Amidst their discussion and reminiscing of the miraculous discovery of the bushelfuls filled with bread to feed the crowds in previous towns, hunger had crept in. Lucky for them, the Sons of Zebedee had purchased an ample supply of figs for the journey.
Sitting in a circle under the nearly setting sun, they ate and laughed together.
Jesus, always one to turn the discussion toward something significant, asked His disciples ::
‘Who do people say I am?‘
A myriad of responses flowed from their lips ::
‘Some say John the Baptist, come back from the dead.’
‘Others claim you’re Elijah, reincarnated.’
‘Still others believe you’re Jeremiah the Weeping Prophet – or perhaps one of the other prophets, come back from the grave!‘
They sat in silence, considering the implications.
So many people had followed Jesus over these past three years. Thousands flocked to Him wherever He went, and sat under His teachings. Some came to question, others came seeking to find answers to questions. Others, looking for a miracle. Still others seemed to come just to see what would happen.
Would Jesus set them straight?
‘But…who do you say that I am?‘
Peter leaned forward, mouth full of figs, and blurted out his suspicions ::
‘You are the Anointed One! You’re the son of the living God, YHVH.‘
The others leaned in as well, anticipating their Rabbi to affirm Peter’s proclamation.
‘Don’t tell anyone.‘
<Yes, it’s true :: I skipped over the affirmation.>
Jesus does indeed affirm that He’s the Messiah in this passage, claims He’ll build His church on the rock of Peter’s declaration and states that even death will not overpower it.
He then gives the disciples the ability to ‘bind’ and ‘loose’ with the keys of heaven, a tremendous responsibility the modern church has yet to come to terms with.
And then He warns them not to tell anyone He’s the Messiah.
Really. You can read it for yourself.
‘Don’t tell anyone.‘
Is this odd to anyone else? In our western 21st century Evangelical circles, it seems we are defined by this proclamation, and we don’t do so secretly.
We make this declaration a distinction between ‘us’ and ‘them.’
And we do so not merely regarding Christ’s claims of divinity – we pontificate about our opinion on a myriad of other issues as well – continually driving a wedge between those who believe, and those who don’t.
We are a culture committed to conversion. Addicted to answers.
Our addiction to an answer culture dictates declarations of ‘Truth’ so individuals know what we believe – and we quickly become defined not by what we are for, but what we are against. We tragically live not as who we are, but become obsessed with correcting who we are not for fear of being misunderstood.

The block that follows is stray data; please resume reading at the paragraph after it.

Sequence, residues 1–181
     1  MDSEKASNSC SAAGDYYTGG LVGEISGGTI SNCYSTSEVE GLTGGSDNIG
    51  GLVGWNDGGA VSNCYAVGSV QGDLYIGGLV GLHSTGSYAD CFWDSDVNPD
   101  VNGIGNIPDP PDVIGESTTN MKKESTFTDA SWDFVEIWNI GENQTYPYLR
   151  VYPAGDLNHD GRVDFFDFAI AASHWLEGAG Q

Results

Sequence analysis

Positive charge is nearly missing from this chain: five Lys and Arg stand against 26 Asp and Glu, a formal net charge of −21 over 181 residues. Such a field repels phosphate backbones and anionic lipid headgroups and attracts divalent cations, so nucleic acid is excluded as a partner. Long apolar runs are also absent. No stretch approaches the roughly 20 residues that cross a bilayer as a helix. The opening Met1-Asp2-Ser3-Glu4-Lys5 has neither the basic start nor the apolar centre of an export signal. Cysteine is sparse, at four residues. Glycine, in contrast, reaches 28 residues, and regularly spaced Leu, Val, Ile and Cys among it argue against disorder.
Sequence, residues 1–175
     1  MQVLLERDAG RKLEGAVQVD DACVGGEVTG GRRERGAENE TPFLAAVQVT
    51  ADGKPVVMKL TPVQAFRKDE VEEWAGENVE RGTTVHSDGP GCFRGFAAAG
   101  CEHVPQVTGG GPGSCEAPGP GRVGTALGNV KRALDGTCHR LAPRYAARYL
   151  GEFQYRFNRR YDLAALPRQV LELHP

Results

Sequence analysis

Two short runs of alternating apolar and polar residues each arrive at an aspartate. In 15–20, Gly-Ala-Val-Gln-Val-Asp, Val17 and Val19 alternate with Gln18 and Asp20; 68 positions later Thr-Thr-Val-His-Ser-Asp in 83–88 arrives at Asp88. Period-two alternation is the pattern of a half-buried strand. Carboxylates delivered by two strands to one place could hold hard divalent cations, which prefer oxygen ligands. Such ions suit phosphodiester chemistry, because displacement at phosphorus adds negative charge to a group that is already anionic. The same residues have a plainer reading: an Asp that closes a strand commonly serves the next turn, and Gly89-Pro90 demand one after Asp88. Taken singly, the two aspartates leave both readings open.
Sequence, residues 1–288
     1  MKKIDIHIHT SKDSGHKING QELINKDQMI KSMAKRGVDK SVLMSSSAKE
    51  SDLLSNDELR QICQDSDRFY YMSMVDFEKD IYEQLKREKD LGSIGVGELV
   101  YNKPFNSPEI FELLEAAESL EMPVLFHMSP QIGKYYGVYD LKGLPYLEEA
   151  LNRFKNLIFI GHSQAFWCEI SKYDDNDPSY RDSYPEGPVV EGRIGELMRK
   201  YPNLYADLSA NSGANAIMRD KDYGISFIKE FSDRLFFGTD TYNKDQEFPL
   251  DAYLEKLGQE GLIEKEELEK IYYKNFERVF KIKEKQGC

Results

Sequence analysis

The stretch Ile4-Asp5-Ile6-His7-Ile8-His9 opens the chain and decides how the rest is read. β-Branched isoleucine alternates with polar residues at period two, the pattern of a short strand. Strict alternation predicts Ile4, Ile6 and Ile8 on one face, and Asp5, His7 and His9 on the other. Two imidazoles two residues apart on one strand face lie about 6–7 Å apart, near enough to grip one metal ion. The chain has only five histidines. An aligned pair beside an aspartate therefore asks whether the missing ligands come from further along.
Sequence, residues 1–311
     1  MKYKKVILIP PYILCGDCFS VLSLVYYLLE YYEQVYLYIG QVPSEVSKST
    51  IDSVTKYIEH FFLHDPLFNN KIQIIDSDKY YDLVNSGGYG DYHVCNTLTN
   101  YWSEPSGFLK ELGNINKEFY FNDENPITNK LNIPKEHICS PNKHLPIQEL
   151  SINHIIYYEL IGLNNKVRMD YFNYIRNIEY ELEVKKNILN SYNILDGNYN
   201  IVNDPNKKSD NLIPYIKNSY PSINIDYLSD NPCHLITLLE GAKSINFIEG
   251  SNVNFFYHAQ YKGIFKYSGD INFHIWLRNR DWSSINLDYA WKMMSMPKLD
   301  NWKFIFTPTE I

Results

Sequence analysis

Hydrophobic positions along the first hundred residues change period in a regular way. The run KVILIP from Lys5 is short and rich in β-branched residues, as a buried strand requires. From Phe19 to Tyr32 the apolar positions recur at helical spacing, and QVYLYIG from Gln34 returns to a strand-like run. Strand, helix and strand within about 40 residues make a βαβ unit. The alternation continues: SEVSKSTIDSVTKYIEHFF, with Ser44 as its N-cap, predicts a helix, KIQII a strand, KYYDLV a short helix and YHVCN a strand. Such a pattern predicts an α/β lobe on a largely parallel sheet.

Jesus didn’t seem to care.
It’s not that he was unaware of who He was – nor did He shame Peter for his Spirit-guided insight into declaring his affirmation of Christ’s claims of divinity.
Yet it would seem it mattered less to Jesus what people believed about Him than it did that they follow Him and experience His way of life.
Jesus seemed quite comfortable with people following Him, some for long periods of time, while simultaneously being uncertain as to His divine nature. Jesus didn’t correct them or chastise them for not ‘getting it‘ – in fact, He told the disciples not to tell anyone once they did!
Spending time with the marginalized || the blind beggars and crippled people, lepers and tax collectors and prostitutes and drunkards and the other ‘sinners’ of His day || no doubt Jesus heard proclamations of who He was that missed the mark.
Yet correcting those misconceptions was not as important to Him as doing life in proximity to and relationship with those who otherwise would not experience His abundant way of life.
In contrast, I often find our churches guilty of proclaiming preferred doctrinal positions while simultaneously lacking any compassionate or pastoral response to the very people we’re pushing to the outside.
Any expressed doctrinal or theological position apart from a compassionate and pastoral response castrates conversation.
Jesus seemed much more committed to the process – the conversation – the journey – the way – than we are.
Our obsession with cognitive conversion and admitted answers about Jesus renders our beliefs in Him obsolete if they are not couched in external actions of loving one another in his example, standing in solidarity with the Other… even when they’re ‘wrong.’
How does this change how we live out ‘following’ Jesus?
Michael Kimpan is the author of the WayWard follower blog, a site designed to inspire thoughtful conversation and movement among followers of Jesus Christ. Michael works with The Marin Foundation in Chicago, a non-profit organization which works to build bridges between the LGBT community and the Church.